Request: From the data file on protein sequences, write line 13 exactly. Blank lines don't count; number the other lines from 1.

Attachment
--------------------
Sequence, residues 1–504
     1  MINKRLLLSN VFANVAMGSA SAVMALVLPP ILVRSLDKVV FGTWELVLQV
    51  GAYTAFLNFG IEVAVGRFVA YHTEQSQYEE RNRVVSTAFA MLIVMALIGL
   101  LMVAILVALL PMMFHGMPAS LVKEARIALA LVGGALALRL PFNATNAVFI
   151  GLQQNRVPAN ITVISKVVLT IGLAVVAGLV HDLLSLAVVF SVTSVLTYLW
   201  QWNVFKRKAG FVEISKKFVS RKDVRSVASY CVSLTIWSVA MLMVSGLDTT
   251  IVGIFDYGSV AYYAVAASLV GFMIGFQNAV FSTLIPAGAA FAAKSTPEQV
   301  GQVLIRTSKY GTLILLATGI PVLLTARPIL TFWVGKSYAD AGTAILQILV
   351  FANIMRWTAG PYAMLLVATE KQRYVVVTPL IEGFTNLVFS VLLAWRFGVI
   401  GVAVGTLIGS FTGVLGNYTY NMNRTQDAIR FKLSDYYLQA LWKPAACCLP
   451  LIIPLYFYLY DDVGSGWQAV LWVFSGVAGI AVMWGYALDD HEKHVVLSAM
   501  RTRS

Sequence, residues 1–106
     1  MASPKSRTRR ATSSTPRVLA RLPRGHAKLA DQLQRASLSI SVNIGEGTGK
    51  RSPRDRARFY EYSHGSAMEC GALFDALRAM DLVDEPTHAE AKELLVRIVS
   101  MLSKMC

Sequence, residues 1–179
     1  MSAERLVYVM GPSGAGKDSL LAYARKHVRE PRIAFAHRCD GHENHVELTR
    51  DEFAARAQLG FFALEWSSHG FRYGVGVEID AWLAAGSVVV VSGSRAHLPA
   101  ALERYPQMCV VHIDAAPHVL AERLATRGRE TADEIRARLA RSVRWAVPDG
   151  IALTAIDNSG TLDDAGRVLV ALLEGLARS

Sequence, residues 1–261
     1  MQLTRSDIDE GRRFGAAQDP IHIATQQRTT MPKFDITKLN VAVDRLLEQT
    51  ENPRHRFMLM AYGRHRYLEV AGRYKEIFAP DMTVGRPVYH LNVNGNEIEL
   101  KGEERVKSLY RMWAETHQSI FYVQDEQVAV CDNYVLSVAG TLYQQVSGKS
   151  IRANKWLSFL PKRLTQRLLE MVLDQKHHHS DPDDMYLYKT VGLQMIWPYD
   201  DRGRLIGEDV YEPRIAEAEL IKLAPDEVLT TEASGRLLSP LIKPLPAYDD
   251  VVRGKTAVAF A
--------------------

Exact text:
Sequence, residues 1–106